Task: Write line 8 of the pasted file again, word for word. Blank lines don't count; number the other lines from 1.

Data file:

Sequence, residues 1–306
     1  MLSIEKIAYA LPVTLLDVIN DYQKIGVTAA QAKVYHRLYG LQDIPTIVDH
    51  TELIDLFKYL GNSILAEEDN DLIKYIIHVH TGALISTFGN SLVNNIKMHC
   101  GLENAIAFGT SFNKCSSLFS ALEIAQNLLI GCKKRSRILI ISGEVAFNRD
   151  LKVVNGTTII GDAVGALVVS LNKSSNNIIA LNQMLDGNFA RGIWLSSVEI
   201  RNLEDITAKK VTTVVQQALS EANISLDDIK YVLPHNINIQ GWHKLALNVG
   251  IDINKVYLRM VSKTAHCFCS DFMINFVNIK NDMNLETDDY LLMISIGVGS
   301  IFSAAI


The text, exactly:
   301  IFSAAI